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New Wisconsin boating law in effect

4/7/21 @ 7:57 AM
ORIGINAL POST
PimplySwede
USER SINCE 1/6/09

Reminder to everyone with a boat - new law went into effect April 1 regarding kill switch lanyards.

"Specifically, Section 8316 of the National Defense Authorization Act of 2021 passed by Congress requires individuals operating recreational vessels less than 26 feet in length with an engine capable of 115 pounds of static thrust (3 hp) or more to use ECOS links. However, this law applies when the primary helm is not in a cabin and when the boat is operating on plane or above displacement speed. Situations in which an ECOS link would not be required include docking, launching and loading on a trailer, trolling and operating in no-wake zones."

DISPLAYING 1 TO 10 OF 19 POSTS
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5/3/21 @ 4:41 PM
Leechster
Leechster
USER SINCE 1/22/21

I can see using this device if racing, going really fast, or pulling water skier. Other than that, no. I personally know 0 people that use them. They can hang in boat in case u either go to federal waters or big inland lakes. 

5/3/21 @ 9:47 AM
JamesD
JamesD
MEMBER SINCE 2/16/04

I think Mr. Swede simply wanted to give a heads up about a safety feature that many boats have but not everyone uses. I posted about the elderly resort goer I know who flipped backwards out the back of his new boat last year after goosing it for the first time. He didn't have the kill switch on his wrist and had a really hard time getting back in his boat. Federal waters or not, the idea is to prevent drowning. Traffic fatalities mention it when those not wearing seat belts are ejected from a crashed vehicle. Boat accidents will have a note about no PFD and a lack of wrist lanyard found on the sunken corpse.

4/8/21 @ 2:18 PM
Fishlovme
Fishlovme
MEMBER SINCE 6/22/01

Interesting Q&A on their webpage.  Here's one that might apply to many:

Q18. My 22-foot boat (1995 model) had an Engine Cut-Off Switch but it was removed by a prior owner many years ago, leaving a hole at the helm. Do I need to repair it and use it?
A18. No. However, the Coast Guard recommends that your repair the switch and use it when operating on plane or above displacement speed.


4/8/21 @ 12:38 PM
Chippman
USER SINCE 5/5/06

Which Waters Are Federally Controlled?

Waters on which vessels must observe federal requirements, including VDS requirements; these waters include:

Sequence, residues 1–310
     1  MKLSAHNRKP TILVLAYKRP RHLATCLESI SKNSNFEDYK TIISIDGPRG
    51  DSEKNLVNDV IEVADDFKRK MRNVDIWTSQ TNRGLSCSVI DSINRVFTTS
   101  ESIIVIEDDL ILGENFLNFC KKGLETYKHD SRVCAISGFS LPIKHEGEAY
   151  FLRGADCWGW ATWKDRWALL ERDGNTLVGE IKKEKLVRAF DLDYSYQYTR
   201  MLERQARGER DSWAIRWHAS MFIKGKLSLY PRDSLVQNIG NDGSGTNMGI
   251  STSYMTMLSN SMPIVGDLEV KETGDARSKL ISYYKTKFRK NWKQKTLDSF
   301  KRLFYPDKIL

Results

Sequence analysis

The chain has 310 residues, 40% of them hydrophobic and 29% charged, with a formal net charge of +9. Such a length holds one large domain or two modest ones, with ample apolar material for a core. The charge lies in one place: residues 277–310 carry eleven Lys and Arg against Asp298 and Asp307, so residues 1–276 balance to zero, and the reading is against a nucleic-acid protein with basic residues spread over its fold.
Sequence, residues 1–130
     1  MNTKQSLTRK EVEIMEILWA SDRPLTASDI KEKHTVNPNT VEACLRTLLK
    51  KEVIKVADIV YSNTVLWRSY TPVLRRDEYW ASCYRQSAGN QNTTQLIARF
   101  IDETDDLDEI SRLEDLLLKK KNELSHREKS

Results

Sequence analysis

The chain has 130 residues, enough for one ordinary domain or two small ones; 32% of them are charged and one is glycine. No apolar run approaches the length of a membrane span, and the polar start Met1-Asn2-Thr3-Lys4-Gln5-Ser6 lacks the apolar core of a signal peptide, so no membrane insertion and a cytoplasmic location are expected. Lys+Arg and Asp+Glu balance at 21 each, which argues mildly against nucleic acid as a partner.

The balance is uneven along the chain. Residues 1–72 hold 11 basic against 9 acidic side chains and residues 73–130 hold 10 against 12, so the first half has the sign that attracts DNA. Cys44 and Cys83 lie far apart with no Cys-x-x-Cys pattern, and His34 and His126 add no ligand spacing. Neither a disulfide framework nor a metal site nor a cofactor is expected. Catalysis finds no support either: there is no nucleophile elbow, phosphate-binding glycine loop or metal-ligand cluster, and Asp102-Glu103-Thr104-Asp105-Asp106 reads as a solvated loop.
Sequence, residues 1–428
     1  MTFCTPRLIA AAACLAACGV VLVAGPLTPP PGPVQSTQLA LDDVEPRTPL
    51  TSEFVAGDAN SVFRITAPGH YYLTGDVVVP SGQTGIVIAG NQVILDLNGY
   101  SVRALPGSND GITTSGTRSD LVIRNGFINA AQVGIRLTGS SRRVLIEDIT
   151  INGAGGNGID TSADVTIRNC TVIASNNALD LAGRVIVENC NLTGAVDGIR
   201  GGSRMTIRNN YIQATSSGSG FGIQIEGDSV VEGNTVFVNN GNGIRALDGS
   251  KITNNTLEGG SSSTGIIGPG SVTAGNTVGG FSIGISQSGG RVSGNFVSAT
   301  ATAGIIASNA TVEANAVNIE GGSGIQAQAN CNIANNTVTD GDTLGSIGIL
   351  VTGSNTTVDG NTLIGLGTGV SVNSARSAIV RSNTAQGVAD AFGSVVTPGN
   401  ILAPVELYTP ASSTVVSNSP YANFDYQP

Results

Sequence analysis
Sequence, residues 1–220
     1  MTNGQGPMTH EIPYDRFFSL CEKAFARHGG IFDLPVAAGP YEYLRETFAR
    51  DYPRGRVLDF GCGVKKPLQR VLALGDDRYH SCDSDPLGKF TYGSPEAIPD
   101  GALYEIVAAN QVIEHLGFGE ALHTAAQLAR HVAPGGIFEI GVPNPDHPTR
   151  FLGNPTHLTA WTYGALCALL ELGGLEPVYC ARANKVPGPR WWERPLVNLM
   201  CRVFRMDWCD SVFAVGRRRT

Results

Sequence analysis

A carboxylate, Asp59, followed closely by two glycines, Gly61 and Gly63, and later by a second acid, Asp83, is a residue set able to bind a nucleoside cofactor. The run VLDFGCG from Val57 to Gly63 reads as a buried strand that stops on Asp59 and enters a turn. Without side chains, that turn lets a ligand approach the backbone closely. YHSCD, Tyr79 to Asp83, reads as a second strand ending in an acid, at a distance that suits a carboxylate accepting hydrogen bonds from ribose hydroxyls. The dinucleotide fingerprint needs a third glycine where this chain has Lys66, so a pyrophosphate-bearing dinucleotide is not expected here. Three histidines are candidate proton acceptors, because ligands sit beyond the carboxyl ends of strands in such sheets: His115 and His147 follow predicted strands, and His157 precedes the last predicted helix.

• Coastal waters
  • The Great Lakes (Lake Michigan and Lake Superior)
  • Territorial seas
  • Bodies of water connected directly to one of the above, up to a point where the body of water is less than two miles wide, including the Mississippi River, and portions of the Wisconsin, St. Croix, Wolf, and Fox Rivers



  • So quite a bit of waters in Wisconsin but if you only do small inland lakes your ok.

4/8/21 @ 11:05 AM
oncebitten
oncebitten
USER SINCE 12/7/17

 Fish

That's the way I understood it

4/8/21 @ 10:57 AM
Fishlovme
Fishlovme
MEMBER SINCE 6/22/01

Stitzo, I haven't looked at the law yet in detail, but doesn't it say somewhere in the law that all new boat/motors after 2020 must have the kill switch, but that you must use the kill switch if your motor already has one?  My 2000 Mercury 50 HP, for example, has a kill switch on it.  I know cause I spent 15 minutes one day trying to start my motor, then realized my son got in my boat and played with it, flicking the switch down to off! I didn't have the little curly rope attached to it at the time though.  But anyhow, my understanding is this, as of now, only applies to federal waters anyway, so for now, except when I use my boat on the Wolf River I won't worry about using it.

4/8/21 @ 7:56 AM
Paranoid Percher
USER SINCE 8/19/18

This has nothing to do with Wisconsin law get your stuff straight or dont post lies

4/7/21 @ 9:21 PM
river_chaser
USER SINCE 10/3/12

Pimply the article you site is from the coast Guard.  They have jurisdiction on federal waters not state waters.  So technically they were factual and correct.  

If you read the boating regs similar laws apply to other required equipment such as an airhorn on the same federal waters but not on state waters.  It is confusing since no reg pamphlet or publication claims that the law is enforced by only certain types of officers and will be ignored by other types of officers. 

4/7/21 @ 11:46 AM
Stitzo
USER SINCE 6/15/01

Yeah, I had to peel back the same onion layers that oncebitten did in order to find the grandfather clausing. Ridiculous. 

All the various “reporting” of it makes it sound like it’s pretty much a Chicken Little one size fits all situation. Shoot, unless I missed something, even the USCG page doesn’t address it as only being applicable to craft BUILT after 1-1-20, until you get to the Q&A #9. 

Ridiculous. Law goes into effect 4-1-21. Only pertains to units built after 1-1-20. And it’s reporting is just very partial and limited truth that creates confusion & consternation for a whole lot of folks. 

4/7/21 @ 11:14 AM
oncebitten
oncebitten
USER SINCE 12/7/17

PimplySwede 

Thanks for the website search.

I scrolled down to the 

Engine cut-off switch-FAQ

And got the answers to these questions,   for me at least


DISPLAYING 1 TO 10 OF 19 POSTS
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